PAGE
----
Thursday, March 7, 2013

All those ends!


The time has come for me to sew a big wooden bowl full of striped snakes into a blanket.  I love how weird that sounds.  This part always takes forever, which, when sewing together my knitting, means more than an hour, because I don’t like doing it, but I’m trying to get all zen about it.  Needle in, needle out, breathe!  It’s working, but there are a lot of strips and it’s testing my patience.  I’m using mattress stitch and a neutral gray yarn to seam all those long strips together, and then I will (you betcha) block the living daylights out of this thing, to make it lie flat and be organized and tidy and drapey.  Then I will knit on the edging.  More on that later. 


I know what else you’re thinking.  You’re thinking, “Are you insane?  The ends on the back of that must be madness!!!”  They’re not.  I knit them in as I go, and then there’s nothing to do at the finish but snip off all the tails.  Here’s what the back looks like:


I didn’t use a tapestry needle to do that, I worked them in as I went.  I think this is what the stranded knitting experts in the Fair Isle style and tradition do when they’re dealing with long floats—they just tack them down as they go by, weaving the yarn they’re not using into the back of the stitches.  I promise, I find all that just as confusing as you do.  I took about sixty-two pictures of this process, because this is a really great trick and so handy to have in your arsenal.  Okay, here’s how it works:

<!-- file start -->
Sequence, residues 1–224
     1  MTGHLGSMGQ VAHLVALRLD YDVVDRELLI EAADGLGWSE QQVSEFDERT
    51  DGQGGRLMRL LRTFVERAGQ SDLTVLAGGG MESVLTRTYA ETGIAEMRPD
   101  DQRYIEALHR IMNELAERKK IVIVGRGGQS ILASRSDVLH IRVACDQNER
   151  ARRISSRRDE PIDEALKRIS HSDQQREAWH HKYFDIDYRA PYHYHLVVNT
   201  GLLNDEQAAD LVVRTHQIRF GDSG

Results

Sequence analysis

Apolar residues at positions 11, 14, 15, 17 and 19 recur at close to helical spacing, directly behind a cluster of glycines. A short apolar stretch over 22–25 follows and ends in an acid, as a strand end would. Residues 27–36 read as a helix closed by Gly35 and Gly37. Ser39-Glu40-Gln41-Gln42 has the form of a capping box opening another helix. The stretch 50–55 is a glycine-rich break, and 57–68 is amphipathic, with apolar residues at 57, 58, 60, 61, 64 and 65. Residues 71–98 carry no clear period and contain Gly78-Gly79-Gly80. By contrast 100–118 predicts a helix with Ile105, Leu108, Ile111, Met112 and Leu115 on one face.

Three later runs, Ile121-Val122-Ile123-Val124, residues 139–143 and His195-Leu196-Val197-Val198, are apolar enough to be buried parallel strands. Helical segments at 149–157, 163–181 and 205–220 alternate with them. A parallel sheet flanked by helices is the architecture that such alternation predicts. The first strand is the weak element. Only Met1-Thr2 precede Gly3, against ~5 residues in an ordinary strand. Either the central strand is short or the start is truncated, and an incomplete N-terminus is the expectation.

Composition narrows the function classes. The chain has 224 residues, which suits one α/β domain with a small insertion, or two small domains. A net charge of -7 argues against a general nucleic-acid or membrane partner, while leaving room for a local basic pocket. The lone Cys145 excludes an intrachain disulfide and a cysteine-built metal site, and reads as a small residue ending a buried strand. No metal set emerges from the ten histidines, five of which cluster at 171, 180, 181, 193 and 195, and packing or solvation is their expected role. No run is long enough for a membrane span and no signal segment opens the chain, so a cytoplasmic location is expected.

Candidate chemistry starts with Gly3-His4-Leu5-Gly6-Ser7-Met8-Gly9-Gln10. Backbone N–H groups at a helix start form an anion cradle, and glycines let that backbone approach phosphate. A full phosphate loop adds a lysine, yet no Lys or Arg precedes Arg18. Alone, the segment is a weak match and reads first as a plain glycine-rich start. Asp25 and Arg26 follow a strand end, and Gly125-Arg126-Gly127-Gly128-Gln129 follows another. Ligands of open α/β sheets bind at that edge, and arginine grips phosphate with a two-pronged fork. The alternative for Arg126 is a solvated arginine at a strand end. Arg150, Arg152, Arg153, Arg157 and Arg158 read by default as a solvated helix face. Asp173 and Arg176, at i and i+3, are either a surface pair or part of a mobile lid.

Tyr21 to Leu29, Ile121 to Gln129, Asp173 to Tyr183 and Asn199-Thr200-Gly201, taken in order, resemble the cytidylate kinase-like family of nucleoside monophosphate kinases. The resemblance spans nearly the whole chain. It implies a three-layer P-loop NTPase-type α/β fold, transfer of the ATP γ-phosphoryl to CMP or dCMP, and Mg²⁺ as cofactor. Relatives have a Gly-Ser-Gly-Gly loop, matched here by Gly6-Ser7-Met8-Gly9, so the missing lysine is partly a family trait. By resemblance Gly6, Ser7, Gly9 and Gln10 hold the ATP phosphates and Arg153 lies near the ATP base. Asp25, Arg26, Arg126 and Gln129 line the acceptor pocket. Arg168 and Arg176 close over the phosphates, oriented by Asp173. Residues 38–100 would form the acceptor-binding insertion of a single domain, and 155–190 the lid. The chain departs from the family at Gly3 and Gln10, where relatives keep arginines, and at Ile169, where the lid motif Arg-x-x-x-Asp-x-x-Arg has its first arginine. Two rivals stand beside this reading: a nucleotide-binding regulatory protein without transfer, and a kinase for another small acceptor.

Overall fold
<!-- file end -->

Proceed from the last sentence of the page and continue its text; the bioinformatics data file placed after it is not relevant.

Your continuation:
I’ve just finished working the orange stripe, and have started on the next, which is red  On the first row, I will weave in the tail of the orange yarn. The tail goes over the stitch I’m about to knit.


I wrap the red yarn to make the stitch…


…and then pull the orange tail up out of the way.


I complete the (red) stitch.  The tail doesn’t get knit into the stitch.


On the next stitch, I hold the orange tail down and away, towards the back, and wrap the red yarn over it.  This is where it gets tacked down.


I knit the stitch as usual. 


I keep alternating those two steps—holding the tail across the new stitch for one, then holding the tail down and away for one—until it is sufficiently woven in; a couple inches or so. Then I purl back, and on the next right side row, I’ll do the same thing with the start tail of the red.  Tidy, and invisible from the front of the work.


At the end, I just clip the ends off and it’s over.  No arduous hours of weaving with a sewing needle.  Well, until it’s time to sew it all together.  Aargh!